The leukocyte adhesion cascade: traditional and new features. PMN interactions are used here to illustrate the leukocyte adhesion cascade; specific molecular interactions vary between leukocytes of different types in leukocyte–endothelial interactions. Early studies established the concept of a cascade of PMN tethering and rolling involving selectins and selectin ligands (1), leukocyte activation and inside-out signaling of β2 integrins (2), tight adhesion and arrest resistant to shear (3), and emigration of adherent leukocytes across the endothelium in response to inflammatory signals. In-vivo experiments complemented in-vitro models and confirmed that similar events occur in postcapillary venules and other vessels. Studies of PMNs from patients and animal models indicate that there is defective rolling in LAD-II (step 1), defective integrin activation and consequent tight adhesion in LAD-III (step 2), and defective tight adhesion in LAD-I (step 3). Each defect impairs the ability of PMNs to transmigrate to sites of extravascular infection or injury (step 4). More recent studies, many involving genetically altered mice, have refined the cascade paradigm, and added nuances to the stepwise events illustrated here. For example, β2 integrins, particularly αLβ2, mediate early slow rolling of PMNs, in addition to later tight adhesion and arrest. Furthermore, there is evidence that engagement of PSGL-1 on PMNs can trigger inside-out signaling of β2 integrins; thus, this is a second mechanism for β2 integrin activation in addition to localized signaling of PMNs by endothelial presentation of activating agonists recognized by G-protein-coupled receptors. This was first indicated by potentiation of β2 integrin activation triggered via G-protein-coupled receptors when selectin ligands on human PMNs were engaged by purified P-selectin and more recently supported by studies in murine models of inflammation. Additional recent experiments demonstrate that PMN rolling on P-selectin or E-selectin can partially activate αLβ2 by engaging PSGL-1. Another new feature of the adhesion cascade is evidence for intraluminal crawling of monocytes and PMNs mediated by binding of αMβ2 to ICAM-1, occuring after rolling and arrest and prior to emigration. Intraluminal gradients of chemokines may form, contributing to differential activation of β2 integrins on PMNs. New facets of extravasation of PMNs and transmigration through subendothelial matrix mediated by β1 and β2 integrins have been identified. Although it is not known that all of these newly identified events occur in the targeting and emigration of human PMNs in clinical infection and inflammation, it is clear that there are intricate features of adhesive interactions mediated by selectin ligands and integrins on PMNs that may be disrupted in a complex fashion in LAD syndromes. The adhesion and signaling paradigms for monocytes and other leukocytes are also likely to be further refined. LAD, leukocyte adhesion deficiency; PMN, polymorphonuclear leukocyte; PSGL-1, P-selectin glycoprotein 1. | Harris, E. S., Weyrich, A. S., & Zimmerman, G. A. (2013). Lessons from rare maladies: leukocyte adhesion deficiency syndromes. Current Opinion in Hematology, 20(1), 16–25.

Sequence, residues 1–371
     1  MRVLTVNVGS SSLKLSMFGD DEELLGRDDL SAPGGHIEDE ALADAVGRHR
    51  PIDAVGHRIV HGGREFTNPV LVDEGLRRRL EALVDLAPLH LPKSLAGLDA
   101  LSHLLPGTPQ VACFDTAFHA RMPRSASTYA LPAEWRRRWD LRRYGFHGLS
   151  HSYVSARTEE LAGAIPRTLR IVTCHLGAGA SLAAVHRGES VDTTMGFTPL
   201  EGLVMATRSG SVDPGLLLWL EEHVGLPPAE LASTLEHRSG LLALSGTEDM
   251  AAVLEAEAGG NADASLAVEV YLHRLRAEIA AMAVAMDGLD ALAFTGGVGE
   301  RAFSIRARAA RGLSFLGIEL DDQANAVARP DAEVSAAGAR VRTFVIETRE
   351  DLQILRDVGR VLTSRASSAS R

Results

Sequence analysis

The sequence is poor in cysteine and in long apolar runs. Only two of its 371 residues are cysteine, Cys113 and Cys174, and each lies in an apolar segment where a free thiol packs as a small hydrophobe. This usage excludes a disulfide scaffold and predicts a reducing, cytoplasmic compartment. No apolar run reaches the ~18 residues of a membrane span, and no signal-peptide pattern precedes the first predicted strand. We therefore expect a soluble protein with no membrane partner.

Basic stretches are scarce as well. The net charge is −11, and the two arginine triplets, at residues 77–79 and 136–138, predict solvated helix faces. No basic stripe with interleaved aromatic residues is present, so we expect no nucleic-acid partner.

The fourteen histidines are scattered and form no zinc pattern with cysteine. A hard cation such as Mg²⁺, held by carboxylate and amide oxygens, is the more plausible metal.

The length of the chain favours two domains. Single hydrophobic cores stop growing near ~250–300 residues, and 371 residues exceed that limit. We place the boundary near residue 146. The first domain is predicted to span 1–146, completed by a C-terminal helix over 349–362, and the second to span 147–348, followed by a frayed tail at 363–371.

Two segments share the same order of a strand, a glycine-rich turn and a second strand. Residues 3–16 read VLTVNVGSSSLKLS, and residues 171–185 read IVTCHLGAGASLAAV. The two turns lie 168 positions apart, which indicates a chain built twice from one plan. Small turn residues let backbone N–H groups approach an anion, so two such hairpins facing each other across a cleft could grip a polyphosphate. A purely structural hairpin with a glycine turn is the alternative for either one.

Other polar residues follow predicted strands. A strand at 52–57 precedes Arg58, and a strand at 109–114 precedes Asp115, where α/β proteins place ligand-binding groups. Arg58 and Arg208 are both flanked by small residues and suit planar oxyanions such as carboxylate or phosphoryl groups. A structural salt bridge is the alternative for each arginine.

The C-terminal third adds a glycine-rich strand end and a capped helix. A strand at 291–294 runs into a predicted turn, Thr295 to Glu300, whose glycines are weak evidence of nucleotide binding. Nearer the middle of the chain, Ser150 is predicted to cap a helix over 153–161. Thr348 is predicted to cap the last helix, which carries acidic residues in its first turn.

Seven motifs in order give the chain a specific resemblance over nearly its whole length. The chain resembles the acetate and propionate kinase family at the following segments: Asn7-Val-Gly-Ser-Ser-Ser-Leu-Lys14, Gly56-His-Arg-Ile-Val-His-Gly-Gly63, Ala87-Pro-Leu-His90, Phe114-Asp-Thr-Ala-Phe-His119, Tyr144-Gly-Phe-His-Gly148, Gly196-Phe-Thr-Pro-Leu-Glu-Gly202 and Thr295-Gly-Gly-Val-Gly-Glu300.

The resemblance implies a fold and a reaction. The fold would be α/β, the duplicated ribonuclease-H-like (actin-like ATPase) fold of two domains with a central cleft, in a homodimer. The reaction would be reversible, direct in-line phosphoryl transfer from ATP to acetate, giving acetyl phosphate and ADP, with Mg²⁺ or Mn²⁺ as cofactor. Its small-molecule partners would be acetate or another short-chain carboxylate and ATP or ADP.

Clinical features

  • Recurrent infections (93.3%)
    • Bacterial & fungal infections
    • No pus/abscess formation
  • Poor wound healing (86%)
  • Infants: Delayed unmibilical cord sloughing (months)


Flow cytometry (DEFINITIVE):

  • LAD I: Absence CD18 and associated alpha subunit molecules
  • LAD-II: Absence of sialyl Lewis X expression (CD15a)

Differential diagnosis

  • Bare lymphocyte syndrome   
  • Chronic granulomatous disease    
  • Chediak-Higashi syndrome    
  • Hyper IgE syndrome 


Haematopoetic stem cell transplantation (HSCT)


Cellular adhesion molecules and leukocyte adhesion deficiency from Chulalongkorn Allergy and Clinical Immunology Research Group

Leave a Reply